H&R Block shares fell Monday after it received notice from HSBC that the bank is immediately terminating refund anticipation loans and refund anticipation checks for Block as a result of a regulatory directive from the Office of the Comptroller of the Currency.
The two parties had signed a long-term contract under which HSBC would provide all of H&R Block’s refund anticipation loans and some of its refund anticipation checks. As a result of the order from banking regulators, HSBC told the tax prep giant Friday that it would no longer provide RALs or RACs to H&R Block clients. At the same time, HSBC’s exclusive right to provide such products has also ended, thereby enabling H&R Block to enter into other partnerships for financial products that were previously precluded.
The contract termination is the result of a directive from the OCC, HSBC’s banking supervisory agency, immediately prohibiting HSBC from offering any form of RALs. Shares of H&R Block were down about 8 percent in mid-morning trading on Monday.
H&R Block said it would continue to offer all its customers its traditional RACs that do not require any out-of-pocket costs by taxpayers at the time the tax return is filed. In addition, the company provides direct deposit accounts through its Emerald Card program that allow customers to avoid the delay and cost of paper checks and check-cashing charges through electronic transfers of tax refund proceeds.
H&R Block also provides various other programs to its tax preparation clients, such as its Emerald Advance revolving line of credit product that has been used by more than 4 million customers.
“As a result of the OCC’s decision, millions of taxpayers will be deprived of credit, or they will be forced to use higher-priced alternatives, without the slightest benefit to the solvency of HSBC or the banking system in general,” said H&R Block president and CEO Alan Bennett in a statement. “While we are very disappointed by this decision, we have been preparing for the loss of RALs, so we have several other financial products available and under development for this tax season. We are working around the clock to give our company and franchise teams the best tools we can to fill the void for our clients created by the OCC’s action. The OCC’s 11th hour timing will make it difficult for us to put alternative products in place at all of our locations in time for the early part of the 2011 tax season, but we will spare no effort to do so. Our clients, our tax preparers and our franchisees deserve nothing less.”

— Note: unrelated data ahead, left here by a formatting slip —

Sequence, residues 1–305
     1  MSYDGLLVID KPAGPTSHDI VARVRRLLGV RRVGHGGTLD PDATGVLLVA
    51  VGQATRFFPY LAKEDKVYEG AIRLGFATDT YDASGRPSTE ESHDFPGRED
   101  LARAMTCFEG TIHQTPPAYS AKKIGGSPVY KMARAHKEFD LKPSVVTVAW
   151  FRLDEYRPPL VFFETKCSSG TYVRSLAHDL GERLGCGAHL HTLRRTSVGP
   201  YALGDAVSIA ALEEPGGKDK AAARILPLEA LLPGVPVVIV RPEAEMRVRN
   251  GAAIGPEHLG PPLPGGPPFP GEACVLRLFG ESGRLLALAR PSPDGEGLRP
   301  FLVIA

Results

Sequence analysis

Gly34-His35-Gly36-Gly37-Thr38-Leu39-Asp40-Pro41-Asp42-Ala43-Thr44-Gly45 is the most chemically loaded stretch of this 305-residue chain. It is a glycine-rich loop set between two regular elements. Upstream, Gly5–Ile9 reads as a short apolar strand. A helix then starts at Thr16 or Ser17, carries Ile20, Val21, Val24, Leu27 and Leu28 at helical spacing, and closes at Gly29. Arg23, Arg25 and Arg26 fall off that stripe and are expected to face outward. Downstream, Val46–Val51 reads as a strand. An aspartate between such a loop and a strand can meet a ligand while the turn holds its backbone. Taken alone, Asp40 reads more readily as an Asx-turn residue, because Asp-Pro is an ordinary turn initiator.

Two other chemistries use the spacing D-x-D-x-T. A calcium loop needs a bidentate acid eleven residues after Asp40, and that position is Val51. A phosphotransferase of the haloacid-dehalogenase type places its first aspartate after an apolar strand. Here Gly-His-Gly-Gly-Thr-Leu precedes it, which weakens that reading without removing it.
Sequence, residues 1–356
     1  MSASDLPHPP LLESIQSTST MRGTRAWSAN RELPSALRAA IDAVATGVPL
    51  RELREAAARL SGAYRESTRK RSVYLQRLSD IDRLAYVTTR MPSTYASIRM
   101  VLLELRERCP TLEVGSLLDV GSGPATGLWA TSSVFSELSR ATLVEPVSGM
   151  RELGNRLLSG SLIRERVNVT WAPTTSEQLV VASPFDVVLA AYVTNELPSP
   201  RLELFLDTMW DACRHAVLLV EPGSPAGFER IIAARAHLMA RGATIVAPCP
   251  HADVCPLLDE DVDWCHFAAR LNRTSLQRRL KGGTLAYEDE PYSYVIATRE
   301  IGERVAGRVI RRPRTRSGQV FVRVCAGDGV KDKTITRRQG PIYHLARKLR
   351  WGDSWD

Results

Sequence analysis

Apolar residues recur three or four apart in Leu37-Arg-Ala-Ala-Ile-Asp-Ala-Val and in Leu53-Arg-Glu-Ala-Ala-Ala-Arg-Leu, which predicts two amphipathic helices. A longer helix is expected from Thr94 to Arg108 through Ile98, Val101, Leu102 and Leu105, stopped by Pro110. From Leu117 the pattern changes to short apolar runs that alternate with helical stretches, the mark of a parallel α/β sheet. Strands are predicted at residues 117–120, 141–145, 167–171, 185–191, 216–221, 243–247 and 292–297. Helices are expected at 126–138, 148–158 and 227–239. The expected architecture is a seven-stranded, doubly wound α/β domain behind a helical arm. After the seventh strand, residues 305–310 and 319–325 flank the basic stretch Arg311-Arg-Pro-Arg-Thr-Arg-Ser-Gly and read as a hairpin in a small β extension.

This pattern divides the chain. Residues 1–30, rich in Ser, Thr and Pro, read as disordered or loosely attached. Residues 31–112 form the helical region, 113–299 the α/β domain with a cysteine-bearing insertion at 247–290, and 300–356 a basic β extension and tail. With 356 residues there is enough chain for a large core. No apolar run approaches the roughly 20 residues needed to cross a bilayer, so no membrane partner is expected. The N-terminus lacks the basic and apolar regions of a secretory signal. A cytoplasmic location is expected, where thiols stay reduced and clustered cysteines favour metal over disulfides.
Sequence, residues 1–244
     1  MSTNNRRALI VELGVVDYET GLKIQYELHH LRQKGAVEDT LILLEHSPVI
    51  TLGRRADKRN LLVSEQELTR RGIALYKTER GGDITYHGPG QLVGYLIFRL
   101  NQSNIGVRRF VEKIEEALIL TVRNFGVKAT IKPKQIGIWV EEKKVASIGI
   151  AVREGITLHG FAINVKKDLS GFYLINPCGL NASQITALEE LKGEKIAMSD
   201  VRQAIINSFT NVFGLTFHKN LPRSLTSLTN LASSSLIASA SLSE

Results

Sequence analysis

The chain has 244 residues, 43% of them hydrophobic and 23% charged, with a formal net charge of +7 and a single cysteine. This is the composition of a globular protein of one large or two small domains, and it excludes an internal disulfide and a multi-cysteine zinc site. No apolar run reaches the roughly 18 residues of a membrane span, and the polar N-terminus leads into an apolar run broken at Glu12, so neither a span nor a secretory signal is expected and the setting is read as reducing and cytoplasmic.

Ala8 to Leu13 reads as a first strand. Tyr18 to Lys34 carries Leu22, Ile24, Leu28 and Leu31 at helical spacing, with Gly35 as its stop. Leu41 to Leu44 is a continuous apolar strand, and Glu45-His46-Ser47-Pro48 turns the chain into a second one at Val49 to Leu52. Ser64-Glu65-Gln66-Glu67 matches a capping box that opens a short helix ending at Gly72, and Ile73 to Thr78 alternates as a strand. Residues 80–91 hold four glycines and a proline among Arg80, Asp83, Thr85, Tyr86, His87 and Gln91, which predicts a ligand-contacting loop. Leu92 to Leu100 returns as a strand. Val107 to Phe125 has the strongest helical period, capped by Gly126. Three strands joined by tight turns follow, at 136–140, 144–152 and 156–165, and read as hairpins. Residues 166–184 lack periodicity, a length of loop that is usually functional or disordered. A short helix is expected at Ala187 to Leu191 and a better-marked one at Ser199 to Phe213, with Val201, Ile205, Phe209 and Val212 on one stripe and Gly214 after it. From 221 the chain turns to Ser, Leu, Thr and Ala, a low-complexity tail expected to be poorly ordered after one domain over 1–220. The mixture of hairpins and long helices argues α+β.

Block had filed suit against HSBC in October when the bank tried to end their arrangement, saying it could not provide funding for the RALs and RACs because the IRS had decided to stop providing a debt indicator next tax season that would say whether a taxpayer has liens outstanding, and that would make the loans too risky to provide (see H&R Block Sues HSBC over RALs). HSBC has been in the process of withdrawing from the RAL business since 2007 and Block is its only remaining customer. The two sides later entered discussions to settle the lawsuit (see Block in Talks with RAL Provider HSBC).
Prior to the OCC’s recent action, H&R Block and HSBC had reached agreement on a proposal that would have allowed HSBC to honor its contractual obligations to H&R Block during tax season 2011. Under the revised terms agreed upon by both parties, H&R Block would have in effect covered essentially all credit defaults experienced by HSBC, thereby making H&R Block’s credit rather than the taxpayer’s refund the ultimate source of repayment to HSBC. The proposed new terms would have made it nearly impossible for HSBC to suffer any financial losses, according to Block.
In addition, H&R Block agreed at its own expense to fund “Instant RALs” at a substantially reduced rate to consumers. The total cost to the consumer of a $1,500 Instant RAL under the proposed terms rejected by the OCC would have been $46, which is approximately 62 percent less expensive for consumers than the products being offered this year by competitors through a few banks that are regulated by the Federal Deposit Insurance Corporation that will apparently continue despite the OCC directive to HSBC.
Register or login for access to this item and much more
All Accounting Today content is archived after seven days.
Community members receive:
- All recent and archived articles
- Conference offers and updates
- A full menu of enewsletter options
- Web seminars, white papers, ebooks
Already have an account? Log In
Don't have an account? Register for Free Unlimited Access